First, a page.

Thursday, October 29, 2009

blog 8 - leo africanusl

This week we began a new book, Leo Africanus, written by Amin Maalouf. Thus far, the book has been a rendition of Leo Africanus’ childhood. Maalouf’s style is story-like, descriptive, and significantly more enjoyable to read than the other books we have read in this class. Maalouf recounts Leo Africanus’ childhood by events broken down by chapter. Through these renditions we see how culture, tradition, family, values, and politics were different in 15th century. The major events described in Leo Africanus have been the betrothal of his parents (who were cousins), father’s mistress, significance of Leo Africanus’ birth, his circumcision, the fall of Granada, Salma’s family not accepting them in their home, and lastly Leo Africanus’ father declaring a divorce.
These major events are also particularly eye-opening to the differences between our culture and the Muslim and Spanish culture in the 15th century. What is particularly surprising to me is the treatment of women at the time. Women were discluded from many family traditions, and their only real role in life was to provide children – boys. A woman’s emotions were not taken into account, nor were her wants/ dreams. Because of the mentality/ brutal consequences, women, like Salma, could not even voice their opinions to their husbands. This treatment of women stands in stark contrast to the way cultural movements of the 20th century- what a long way we’ve come. However, I donk it’s important that we consider the way women are still treated in the Middle East and Africa. The treatment of woman seems to have remained stagnant in many Islamic countries/communities.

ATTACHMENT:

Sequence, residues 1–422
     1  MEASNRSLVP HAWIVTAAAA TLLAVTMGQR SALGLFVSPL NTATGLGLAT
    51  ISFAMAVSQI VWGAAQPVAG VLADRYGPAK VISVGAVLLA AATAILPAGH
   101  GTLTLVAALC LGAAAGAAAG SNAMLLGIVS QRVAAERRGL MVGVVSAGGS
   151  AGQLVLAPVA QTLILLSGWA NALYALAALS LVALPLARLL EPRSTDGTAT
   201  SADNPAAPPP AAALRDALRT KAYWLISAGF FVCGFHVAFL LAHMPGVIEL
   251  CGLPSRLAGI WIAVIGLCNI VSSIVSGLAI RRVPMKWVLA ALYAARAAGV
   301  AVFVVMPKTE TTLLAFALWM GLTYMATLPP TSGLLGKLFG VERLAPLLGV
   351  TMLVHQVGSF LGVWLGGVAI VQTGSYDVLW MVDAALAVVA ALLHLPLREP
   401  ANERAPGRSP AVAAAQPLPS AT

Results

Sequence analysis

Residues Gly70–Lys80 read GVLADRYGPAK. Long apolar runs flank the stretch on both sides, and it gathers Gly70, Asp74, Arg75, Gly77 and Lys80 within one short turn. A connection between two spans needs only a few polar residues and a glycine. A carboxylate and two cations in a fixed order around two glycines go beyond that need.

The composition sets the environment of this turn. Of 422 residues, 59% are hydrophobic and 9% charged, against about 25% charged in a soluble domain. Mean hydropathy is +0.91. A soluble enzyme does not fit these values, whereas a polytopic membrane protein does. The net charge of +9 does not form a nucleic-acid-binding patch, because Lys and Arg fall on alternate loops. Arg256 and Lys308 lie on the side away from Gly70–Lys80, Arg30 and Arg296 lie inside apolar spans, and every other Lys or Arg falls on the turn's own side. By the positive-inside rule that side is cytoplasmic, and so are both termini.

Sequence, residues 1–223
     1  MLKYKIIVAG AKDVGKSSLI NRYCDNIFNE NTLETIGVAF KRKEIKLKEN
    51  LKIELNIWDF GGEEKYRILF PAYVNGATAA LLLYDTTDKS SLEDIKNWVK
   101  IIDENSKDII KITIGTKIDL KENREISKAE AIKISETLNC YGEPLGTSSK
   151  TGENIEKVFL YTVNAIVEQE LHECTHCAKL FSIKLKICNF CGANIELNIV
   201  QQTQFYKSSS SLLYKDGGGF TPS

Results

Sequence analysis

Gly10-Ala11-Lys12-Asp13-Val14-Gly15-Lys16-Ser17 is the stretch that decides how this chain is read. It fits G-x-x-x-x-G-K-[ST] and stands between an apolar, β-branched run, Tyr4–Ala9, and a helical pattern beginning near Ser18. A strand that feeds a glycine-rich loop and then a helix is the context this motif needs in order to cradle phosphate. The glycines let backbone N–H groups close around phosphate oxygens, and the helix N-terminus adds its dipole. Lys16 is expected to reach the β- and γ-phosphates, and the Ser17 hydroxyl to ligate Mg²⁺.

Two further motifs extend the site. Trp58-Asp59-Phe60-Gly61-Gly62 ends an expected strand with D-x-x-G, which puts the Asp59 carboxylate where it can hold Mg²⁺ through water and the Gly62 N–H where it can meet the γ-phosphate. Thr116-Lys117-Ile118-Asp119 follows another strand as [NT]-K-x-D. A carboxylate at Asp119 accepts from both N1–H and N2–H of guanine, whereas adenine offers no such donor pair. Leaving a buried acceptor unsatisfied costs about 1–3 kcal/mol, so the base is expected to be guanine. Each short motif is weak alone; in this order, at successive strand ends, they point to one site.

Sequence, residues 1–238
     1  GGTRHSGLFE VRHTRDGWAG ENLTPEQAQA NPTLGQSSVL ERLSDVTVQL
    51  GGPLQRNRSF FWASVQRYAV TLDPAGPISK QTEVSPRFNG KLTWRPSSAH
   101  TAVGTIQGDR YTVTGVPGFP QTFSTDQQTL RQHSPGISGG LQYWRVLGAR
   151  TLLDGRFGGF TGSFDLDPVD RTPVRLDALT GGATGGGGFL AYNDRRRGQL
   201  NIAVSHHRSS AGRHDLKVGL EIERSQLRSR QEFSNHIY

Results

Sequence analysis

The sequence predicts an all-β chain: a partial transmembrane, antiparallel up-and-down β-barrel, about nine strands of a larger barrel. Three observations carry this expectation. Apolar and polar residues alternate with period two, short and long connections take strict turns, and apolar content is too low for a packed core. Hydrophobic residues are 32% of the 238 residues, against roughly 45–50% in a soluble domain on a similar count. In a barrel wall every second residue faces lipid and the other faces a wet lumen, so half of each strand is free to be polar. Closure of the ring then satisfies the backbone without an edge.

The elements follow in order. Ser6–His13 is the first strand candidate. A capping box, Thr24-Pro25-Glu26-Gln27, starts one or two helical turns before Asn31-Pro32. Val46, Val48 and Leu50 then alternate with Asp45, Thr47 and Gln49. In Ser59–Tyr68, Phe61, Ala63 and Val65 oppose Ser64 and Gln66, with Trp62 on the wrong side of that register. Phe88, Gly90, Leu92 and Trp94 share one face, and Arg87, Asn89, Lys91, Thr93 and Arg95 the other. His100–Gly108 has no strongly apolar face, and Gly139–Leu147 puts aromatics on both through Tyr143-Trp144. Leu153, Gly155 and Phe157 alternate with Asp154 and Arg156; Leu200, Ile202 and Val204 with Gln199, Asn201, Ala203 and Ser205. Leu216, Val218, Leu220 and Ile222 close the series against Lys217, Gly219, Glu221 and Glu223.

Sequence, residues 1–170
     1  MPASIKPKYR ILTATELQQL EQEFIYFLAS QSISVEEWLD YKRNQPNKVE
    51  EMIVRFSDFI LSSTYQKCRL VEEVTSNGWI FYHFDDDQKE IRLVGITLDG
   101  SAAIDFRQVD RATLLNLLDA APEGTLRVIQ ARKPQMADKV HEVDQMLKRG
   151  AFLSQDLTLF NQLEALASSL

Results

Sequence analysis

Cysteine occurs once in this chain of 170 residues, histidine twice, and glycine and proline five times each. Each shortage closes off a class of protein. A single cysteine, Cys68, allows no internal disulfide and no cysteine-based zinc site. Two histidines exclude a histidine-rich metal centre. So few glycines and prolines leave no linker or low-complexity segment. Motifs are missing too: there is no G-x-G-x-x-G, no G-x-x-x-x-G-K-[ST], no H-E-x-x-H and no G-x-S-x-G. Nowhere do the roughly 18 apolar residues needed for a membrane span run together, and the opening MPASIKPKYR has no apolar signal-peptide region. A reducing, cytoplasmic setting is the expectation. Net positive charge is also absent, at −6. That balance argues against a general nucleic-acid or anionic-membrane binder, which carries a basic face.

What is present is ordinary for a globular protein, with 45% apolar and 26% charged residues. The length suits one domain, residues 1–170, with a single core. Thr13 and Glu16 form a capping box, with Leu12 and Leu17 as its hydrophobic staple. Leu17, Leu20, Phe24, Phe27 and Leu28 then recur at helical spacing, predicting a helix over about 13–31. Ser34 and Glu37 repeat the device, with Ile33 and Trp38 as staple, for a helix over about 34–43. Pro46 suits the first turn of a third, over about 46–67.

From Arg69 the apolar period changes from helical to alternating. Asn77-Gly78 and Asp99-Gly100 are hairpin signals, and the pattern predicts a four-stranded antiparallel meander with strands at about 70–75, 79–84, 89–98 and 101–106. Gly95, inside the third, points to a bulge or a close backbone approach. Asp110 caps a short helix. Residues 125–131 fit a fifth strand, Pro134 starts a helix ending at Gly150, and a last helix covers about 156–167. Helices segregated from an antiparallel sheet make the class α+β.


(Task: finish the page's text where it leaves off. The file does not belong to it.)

I was almost confused, yet pleasantly surprised at the interaction between Christians, Jews, and Muslims. It seems as if these religious groups live in segregated communities and socialize mainly amongst themselves, yet I did not sense a significant amount of tension between the groups when they did socialize. Why and when did tension increase over time? Why couldn’t these three religions remain living peacefully near each other?

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